1) A good result, achieved in deflating style
It didn’t look like it was going to be a classic. Sunderland hadn’t won on a Monday night since 2001, while the last Stoke player to score at the Stadium of Light was Carl Hoefkens in 2007, in a team that contained the likes of Darel Russell and Jonathan Fortune.
Sure enough, it wasn’t a classic. Two fairly poor sides turned up for 45 minutes apiece, each scrambling in a scrappy goal from a corner. It’ll be remembered, if at all, for Craig Gardner’s horror challenge on Charlie Adam, but nothing else. On the plus side, if safety wasn’t already secured with last weekend’s victory over Norwich, this point – only our 13th of a possible 54 away points this season – all but clinches it.
A team heading into a game on the back of a thrashing is always a bit of an unknown quantity (we picked up four points out of our next six after being drubbed 7-0 at Stamford Bridge three years ago). Sunderland were without key players like Sessegnon, Fletcher and Cattermole, but you got the feeling that Paolo Di Canio wasn’t going to let his players embarrass him again after the previous week’s drubbing at Villa Park.
Nevertheless, the Mackems looked brittle and low on confidence in the early going. Stoke’s team, barring the additions of Wilson and Whitehead for Wilkinson and Whelan, was otherwise the same one that had won its last two games and again started brightly. Just 10 minutes had elapsed when Jon Walters managed to bundle in Charlie Adam’s corner at the second attempt to give us the lead.
The goal dealt a psychological blow to the home side and we would control the first half in a way we rarely get to do away from home. Although chances were customarily thin on the ground, we kept the ball pretty well by our standards, slowed the game down, and the movement of Cameron Jerome up front forced the Black Cats to defend fairly deep. It was Jerome who had our next best chance of the half, heading Adam’s fine centre wide, while the ex-Birmingham man also managed to pull a decent ball back across the box only for Peter Crouch to not get the connection he needed.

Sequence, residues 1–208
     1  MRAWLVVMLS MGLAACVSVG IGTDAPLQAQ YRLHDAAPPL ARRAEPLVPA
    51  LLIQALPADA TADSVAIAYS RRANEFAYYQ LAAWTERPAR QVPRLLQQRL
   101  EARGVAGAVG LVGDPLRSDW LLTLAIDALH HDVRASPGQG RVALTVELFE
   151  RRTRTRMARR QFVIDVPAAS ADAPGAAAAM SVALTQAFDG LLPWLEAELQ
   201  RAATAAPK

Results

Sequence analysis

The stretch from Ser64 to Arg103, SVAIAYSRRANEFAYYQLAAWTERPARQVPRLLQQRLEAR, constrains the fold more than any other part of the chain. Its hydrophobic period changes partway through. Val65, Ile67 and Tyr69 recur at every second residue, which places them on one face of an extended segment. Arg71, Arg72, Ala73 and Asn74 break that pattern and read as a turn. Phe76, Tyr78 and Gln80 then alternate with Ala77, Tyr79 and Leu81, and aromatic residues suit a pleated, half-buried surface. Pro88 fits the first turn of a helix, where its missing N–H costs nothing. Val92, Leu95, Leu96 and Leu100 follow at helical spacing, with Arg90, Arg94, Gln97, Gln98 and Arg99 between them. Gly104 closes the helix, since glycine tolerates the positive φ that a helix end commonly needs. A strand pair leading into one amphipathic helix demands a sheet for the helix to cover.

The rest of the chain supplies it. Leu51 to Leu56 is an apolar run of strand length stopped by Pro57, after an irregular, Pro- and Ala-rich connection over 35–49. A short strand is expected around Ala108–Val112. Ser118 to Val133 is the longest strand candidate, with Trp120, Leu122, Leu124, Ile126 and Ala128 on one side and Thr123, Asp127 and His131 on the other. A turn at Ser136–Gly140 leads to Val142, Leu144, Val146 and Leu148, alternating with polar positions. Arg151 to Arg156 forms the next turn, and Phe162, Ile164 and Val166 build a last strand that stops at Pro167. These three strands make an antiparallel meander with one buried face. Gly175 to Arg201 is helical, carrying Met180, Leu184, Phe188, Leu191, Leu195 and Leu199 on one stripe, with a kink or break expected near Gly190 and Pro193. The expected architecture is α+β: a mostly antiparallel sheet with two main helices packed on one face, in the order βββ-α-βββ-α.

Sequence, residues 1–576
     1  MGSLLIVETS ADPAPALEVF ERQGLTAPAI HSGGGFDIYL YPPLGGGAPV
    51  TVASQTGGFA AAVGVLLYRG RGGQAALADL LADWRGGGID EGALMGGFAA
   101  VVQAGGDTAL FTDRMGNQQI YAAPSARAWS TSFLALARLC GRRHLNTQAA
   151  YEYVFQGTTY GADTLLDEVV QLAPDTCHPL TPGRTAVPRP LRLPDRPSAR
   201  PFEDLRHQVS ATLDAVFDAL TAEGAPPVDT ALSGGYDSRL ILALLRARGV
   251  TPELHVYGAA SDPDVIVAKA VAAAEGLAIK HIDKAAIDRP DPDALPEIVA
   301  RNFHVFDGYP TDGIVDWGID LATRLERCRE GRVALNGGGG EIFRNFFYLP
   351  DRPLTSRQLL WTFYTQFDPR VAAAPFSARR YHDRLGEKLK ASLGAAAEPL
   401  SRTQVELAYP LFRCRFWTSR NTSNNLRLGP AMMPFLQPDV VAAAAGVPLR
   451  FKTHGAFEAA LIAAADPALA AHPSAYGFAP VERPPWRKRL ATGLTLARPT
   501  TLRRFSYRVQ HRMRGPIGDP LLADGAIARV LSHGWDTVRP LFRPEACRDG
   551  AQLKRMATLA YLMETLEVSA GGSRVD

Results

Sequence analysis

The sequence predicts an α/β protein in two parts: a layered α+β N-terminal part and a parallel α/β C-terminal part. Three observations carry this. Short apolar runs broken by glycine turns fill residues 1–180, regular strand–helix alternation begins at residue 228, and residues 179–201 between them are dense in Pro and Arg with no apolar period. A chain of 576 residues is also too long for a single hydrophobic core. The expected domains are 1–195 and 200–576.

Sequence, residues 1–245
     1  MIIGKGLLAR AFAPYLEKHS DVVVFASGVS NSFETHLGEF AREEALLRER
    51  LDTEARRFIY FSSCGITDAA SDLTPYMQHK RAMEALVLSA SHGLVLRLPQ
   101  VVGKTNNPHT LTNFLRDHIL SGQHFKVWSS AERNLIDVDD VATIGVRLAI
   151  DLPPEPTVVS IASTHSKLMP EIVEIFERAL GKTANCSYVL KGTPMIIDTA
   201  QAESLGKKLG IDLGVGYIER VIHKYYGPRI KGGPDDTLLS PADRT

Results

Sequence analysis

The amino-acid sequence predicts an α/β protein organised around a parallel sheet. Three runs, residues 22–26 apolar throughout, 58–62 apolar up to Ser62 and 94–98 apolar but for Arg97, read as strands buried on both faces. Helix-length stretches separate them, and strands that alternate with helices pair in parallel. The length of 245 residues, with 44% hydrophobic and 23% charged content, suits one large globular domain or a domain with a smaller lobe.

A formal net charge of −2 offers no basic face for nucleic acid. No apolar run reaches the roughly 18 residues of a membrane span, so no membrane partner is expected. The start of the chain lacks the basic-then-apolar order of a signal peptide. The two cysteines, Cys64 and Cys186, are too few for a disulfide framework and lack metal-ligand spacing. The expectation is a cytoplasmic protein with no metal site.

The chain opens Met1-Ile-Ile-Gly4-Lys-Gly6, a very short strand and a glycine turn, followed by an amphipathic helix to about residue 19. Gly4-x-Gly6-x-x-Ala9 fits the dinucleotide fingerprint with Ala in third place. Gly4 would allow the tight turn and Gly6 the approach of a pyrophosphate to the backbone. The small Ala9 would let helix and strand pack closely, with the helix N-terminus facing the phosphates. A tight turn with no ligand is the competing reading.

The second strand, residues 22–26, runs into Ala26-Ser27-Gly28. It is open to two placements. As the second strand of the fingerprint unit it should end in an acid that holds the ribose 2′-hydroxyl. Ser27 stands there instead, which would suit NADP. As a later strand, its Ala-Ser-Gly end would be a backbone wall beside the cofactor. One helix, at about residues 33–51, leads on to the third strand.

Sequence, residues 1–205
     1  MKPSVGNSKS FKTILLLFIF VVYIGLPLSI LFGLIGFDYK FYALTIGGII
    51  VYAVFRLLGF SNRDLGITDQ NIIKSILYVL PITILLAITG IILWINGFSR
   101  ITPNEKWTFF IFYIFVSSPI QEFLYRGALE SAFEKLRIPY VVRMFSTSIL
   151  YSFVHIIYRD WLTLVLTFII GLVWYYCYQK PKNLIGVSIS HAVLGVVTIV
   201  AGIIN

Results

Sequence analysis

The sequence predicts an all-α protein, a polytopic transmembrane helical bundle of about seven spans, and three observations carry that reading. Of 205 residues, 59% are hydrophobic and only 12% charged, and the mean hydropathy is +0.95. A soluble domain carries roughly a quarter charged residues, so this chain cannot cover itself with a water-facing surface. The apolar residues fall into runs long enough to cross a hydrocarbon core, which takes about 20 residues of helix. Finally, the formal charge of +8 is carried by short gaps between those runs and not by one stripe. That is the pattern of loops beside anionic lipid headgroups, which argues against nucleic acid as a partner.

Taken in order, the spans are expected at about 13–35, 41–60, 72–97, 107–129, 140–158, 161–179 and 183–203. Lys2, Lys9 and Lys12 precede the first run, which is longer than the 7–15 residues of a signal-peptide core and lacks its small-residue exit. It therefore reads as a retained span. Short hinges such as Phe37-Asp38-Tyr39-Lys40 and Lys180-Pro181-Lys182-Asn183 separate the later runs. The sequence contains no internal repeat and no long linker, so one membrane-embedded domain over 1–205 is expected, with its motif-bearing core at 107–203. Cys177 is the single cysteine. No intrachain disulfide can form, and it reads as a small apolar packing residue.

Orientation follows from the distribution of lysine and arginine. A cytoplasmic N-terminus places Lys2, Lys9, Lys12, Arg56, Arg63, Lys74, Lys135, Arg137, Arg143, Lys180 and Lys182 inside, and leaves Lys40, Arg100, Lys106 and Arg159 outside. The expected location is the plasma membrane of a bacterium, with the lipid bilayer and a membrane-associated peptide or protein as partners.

Frustration in the Sunderland camp began to surface as both teams traded fouls and poor challenges. Whitehead’s inevitable booking was picked up early on with a cynical pull-back on Adam Johnson. Adam too got away with a couple of late tackles on James McClean. It was then that Gardner inexplicably opted to lunge in at the Scot as the two went for a 60/40 in Adam’s favour by the dugout – much to Tony Pulis’ chagrin. Going over the top of the ball and thrusting his studs into Adam’s ankle, Gardner, a dead ringer for Hank Hill’s son in King of the Hill, left referee Lee Mason with no option. That boy ain’t right.
Old pumpkinhead never needs much provocation to book Stoke players though and as the crowd bayed for blood Steven Nzonzi was yellow carded. Whitehead’s next foul in the final third was penalised with nothing more than a free kick, but you sensed we’d be lucky to maintain our one man advantage.
Nevertheless, we saw out the half comfortably, restricting Sunderland to pot shots from distance, with Johnson’s tame shot into Begovic’s arms their only notable effort of the opening period.
Unfortunately the second half was an entirely different affair. The 10 men of Sunderland, presumably given a rocket by Il Duce himself, were a different beast and soon got themselves on the front foot. We lacked the composure we’d had before the break, with Geoff Cameron, on at half time for Marc Wilson, looking particularly panicky, giving the ball away with his first two touches. Now we were the ones reduced to pot shots. A promising counter saw Jerome feed Nzonzi, who took the ball on and fired in a decent effort that was nevertheless comfortably saved by the young Belgian. When the ball was pulled back to Jerome just inside the box, he was quickly closed down, his fierce shot cannoning into John O’Shea.
The Black Cats fired a warning shot across our boughs when O Shea’s shot was cleared off the line by Whitehead, but it was only a stay of execution; three minutes later they won a corner from which O’Shea, steaming in at the far post unattended, forced home the equaliser.
The impetus was now with the hosts, although with the useless Danny Graham leading the line we were rarely in any overt danger. Johnson’s influence grew and he danced his way through a couple of times to further test our keeper. N’Diaye also began to make a greater impact in a game that our midfield, as strange as it seems to actually articulate, had previously dominated.